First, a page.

On September 19, 2007, the United States Securities and Exchange Commission (SEC or Commission) unanimously voted to adopt, jointly with the Board of Governors of the Federal Reserve System (Board), Regulation R and certain independent companion rules. Regulation R addresses the definition of "broker" under the Securities Exchange Act of 1934 (Exchange Act) and the range of permissible securities activities that banks may perform without registering as broker-dealers with the SEC. Regulation R was published for comment on December 18, 2006.[i]
While the final version of Regulation R has not yet been published, several of the comments by the Commission and its senior staff at the open meeting on September 19, 2007, in addition to the Commission's recent press release, shed some light on the scope of the final rules.[ii]The analysis that follows is based on these limited statements; a more detailed treatment of these issues will follow when the Commission and the Board publish the final rules.
In 1999, the Gramm-Leach-Bliley Act (GLBA) eliminated the blanket exception that banks had enjoyed from the definition of "broker" and "dealer" under the Exchange Act. The GLBA generally required banks to "push out" most of their securities-brokerage and securities-dealing activities to registered broker-dealers, except that banks were permitted to continue to perform certain traditional banking activities without registering as broker-dealers with the Commission.
The scope of these exempted activities has proved difficult to define and has been the subject of several rounds of attempted rulemaking, including Regulation R. In particular, while final rules defining "dealer" were adopted in 2003, the Commission has only recently approved final rules interpreting the definition of "broker" -- eight years after the GLBA was enacted. The Commission's initial effort in May 2001, known as the "Interim Final Rules," was met with criticism from both the banking industry and federal banking regulators. Three years later, the Commission published proposed Regulation B for comment in June 2004. Regulation B was also viewed by most critics as imposing unduly burdensome and unworkable regulatory requirements on banks.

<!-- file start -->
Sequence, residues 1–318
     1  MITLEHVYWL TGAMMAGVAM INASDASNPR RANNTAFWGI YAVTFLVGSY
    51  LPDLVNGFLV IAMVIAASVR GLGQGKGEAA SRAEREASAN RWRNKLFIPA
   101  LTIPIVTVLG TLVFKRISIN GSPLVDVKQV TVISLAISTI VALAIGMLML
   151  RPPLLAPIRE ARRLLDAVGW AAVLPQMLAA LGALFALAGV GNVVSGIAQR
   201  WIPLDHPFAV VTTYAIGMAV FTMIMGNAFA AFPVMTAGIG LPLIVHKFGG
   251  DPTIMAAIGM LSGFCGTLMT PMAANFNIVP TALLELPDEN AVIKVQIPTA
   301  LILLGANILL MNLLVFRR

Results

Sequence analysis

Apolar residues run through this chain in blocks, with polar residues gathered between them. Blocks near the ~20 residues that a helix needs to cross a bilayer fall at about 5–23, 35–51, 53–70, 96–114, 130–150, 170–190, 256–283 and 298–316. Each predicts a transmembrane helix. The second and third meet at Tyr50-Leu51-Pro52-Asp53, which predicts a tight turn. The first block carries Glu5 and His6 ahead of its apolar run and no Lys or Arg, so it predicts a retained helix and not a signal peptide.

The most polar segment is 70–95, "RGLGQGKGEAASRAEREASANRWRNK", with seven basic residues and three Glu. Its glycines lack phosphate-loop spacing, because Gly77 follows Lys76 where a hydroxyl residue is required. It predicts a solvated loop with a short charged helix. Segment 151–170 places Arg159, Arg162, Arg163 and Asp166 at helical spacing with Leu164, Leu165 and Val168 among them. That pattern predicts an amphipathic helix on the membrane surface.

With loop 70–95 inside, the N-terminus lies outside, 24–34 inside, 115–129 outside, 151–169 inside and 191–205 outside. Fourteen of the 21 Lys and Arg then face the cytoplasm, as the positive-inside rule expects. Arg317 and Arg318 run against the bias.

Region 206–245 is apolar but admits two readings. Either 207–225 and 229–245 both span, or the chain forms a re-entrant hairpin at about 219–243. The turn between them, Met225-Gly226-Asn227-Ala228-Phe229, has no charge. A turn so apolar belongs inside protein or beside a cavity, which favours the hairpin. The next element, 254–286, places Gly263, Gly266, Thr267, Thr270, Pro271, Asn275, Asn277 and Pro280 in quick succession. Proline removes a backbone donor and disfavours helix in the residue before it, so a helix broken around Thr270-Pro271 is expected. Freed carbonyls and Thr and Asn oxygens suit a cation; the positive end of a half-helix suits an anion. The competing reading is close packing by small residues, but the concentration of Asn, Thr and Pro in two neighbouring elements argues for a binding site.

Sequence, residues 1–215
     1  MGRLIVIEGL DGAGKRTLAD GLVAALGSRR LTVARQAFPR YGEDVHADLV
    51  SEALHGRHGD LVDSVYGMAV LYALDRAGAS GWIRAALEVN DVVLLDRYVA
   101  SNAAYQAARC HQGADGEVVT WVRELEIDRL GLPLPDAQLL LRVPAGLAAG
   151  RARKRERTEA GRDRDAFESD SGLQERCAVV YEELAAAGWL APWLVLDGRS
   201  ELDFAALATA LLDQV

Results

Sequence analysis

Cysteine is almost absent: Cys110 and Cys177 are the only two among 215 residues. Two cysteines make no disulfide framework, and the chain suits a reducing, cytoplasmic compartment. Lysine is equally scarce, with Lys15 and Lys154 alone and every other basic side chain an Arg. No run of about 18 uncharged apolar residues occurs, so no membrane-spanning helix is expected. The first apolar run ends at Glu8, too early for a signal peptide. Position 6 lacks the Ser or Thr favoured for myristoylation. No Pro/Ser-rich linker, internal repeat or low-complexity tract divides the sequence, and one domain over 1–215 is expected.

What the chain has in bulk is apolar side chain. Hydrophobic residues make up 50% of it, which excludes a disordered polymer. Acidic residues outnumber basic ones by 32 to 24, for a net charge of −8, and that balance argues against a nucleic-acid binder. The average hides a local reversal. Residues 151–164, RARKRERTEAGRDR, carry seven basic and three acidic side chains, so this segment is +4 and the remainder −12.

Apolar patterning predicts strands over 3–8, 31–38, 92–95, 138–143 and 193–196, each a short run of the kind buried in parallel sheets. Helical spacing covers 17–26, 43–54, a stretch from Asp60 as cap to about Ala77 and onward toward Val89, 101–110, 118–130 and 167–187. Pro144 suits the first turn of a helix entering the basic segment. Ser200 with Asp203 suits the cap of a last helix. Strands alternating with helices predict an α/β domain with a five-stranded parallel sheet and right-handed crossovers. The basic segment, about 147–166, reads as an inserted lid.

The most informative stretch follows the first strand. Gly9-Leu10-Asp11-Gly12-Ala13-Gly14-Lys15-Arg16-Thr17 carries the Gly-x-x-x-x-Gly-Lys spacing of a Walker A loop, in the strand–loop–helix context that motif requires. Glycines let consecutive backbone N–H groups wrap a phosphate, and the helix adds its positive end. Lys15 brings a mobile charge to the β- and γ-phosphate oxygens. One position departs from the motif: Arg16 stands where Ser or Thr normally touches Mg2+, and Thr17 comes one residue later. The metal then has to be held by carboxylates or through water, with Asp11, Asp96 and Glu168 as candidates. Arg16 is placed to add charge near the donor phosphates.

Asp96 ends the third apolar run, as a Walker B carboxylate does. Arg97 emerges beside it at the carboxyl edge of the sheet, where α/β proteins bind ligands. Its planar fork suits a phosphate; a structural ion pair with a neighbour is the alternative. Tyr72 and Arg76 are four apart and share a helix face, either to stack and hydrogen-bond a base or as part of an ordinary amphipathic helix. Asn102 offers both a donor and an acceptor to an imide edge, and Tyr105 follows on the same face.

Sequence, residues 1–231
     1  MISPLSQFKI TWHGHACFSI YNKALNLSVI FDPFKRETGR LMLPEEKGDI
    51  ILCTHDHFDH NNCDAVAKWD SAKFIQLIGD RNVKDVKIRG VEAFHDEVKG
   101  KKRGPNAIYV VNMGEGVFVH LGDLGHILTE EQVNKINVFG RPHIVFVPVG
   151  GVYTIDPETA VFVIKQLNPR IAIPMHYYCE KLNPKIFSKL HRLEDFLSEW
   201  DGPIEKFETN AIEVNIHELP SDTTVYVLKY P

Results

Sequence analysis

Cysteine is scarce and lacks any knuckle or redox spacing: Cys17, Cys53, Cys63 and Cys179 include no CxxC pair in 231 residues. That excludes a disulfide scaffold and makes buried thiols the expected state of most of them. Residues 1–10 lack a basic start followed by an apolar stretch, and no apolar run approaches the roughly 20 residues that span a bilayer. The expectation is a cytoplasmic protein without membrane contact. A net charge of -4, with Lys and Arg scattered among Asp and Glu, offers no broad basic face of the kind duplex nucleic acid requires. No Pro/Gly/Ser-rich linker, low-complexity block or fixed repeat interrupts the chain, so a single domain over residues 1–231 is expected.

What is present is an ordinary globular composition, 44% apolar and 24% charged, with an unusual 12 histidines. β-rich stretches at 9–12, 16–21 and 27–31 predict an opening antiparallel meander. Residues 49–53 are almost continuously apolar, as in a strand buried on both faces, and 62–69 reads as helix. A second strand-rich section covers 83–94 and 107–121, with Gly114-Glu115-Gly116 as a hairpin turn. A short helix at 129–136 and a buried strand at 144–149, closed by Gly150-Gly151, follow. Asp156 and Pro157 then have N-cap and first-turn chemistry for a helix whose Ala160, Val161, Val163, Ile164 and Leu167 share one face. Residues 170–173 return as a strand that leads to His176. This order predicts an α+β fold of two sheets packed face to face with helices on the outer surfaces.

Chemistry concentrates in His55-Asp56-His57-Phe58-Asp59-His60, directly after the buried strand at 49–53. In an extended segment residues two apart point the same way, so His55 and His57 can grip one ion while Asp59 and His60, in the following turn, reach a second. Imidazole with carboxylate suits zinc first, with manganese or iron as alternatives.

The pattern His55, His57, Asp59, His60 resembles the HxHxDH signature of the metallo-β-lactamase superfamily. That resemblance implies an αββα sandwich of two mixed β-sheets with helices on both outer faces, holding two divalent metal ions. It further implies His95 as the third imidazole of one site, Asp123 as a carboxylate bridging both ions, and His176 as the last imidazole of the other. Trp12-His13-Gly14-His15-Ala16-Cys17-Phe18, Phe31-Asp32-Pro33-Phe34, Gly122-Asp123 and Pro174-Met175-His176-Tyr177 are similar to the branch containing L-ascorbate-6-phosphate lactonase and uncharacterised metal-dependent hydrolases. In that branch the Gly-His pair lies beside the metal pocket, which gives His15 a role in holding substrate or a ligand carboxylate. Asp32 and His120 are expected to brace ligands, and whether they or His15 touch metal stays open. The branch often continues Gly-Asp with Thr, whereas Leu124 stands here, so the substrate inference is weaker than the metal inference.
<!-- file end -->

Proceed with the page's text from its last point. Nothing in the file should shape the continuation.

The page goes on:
In an effort to break this regulatory impasse and to accomplish other objectives, Congress passed the Financial Services Regulatory Relief Act of 2006, requiring the Commission to engage in joint rulemaking with the Board, and to consult and seek the concurrence of the Office of the Comptroller of the Currency, the Office of Thrift Supervision and the Federal Deposit Insurance Corporation. Regulation R is the result of this joint effort. In order to provide consistent treatment across financial services organizations, the Financial Services Regulatory Relief Act also expanded the definition of "bank" in the Exchange Act to include savings associations and federal savings associations.
II. Key Provisions of the Final Rules
Summarized below are the significant statements made by the Commission and its senior staff at the open meeting on September 19, 2007, and in the related press release.
A. The Networking Exception
Section 3(a)(4)(B)(i) of the Exchange Act provides an exception from the definition of "broker" that generally permits banks to establish referral relationships with broker-dealers, and allows banks to pay their unregistered employees limited forms of compensation for referring bank customers to associated broker-dealers. Specifically, banks generally may not pay their unregistered employees "incentive compensation" for referring a customer to the broker-dealer, although bank employees may receive a "nominal one-time cash fee of a fixed dollar amount" for referrals so long as the fees are not "contingent on whether the referral results in a transaction."
The final rules will define certain terms used in the exception, including "nominal" and "incentive compensation." In particular, the final rules will allow banks to award bonuses based on their overall profitability or revenues, or that of their operating affiliates or operating units, so long as the relevant entity does not, over time, predominantly engage in making referrals to broker-dealers. The final rules will also allow banks to allocate a referral payment for a single securities transaction to more than one bank employee, so long as the payment is allocated only to employees involved in the referral.
As in the proposed rules, the final rules will allow banks to pay their unregistered employees more than nominal referral fees for referring certain institutional or high net worth customers to affiliated broker-dealers. The final rules, however, broaden the definition of "institutional customer." Specifically, the final rules will define an "institutional customer" to mean an entity that has (or is controlled by an entity that has) at least (1) $10 million in investments; or (2) $20 million in revenues; or (3) $15 million in revenues if the bank employee refers the customer to the broker-dealer for investment banking services. A "high net worth customer" will be defined as a natural person who, individually or together with his or her spouse, has a net worth of at least $5 million, excluding the primary residence and any associated liabilities. The definition will also now include any revocable, inter vivos, or living trust, where the settlor is a natural person who, individually or together with his or her spouse, has a net worth of $5 million.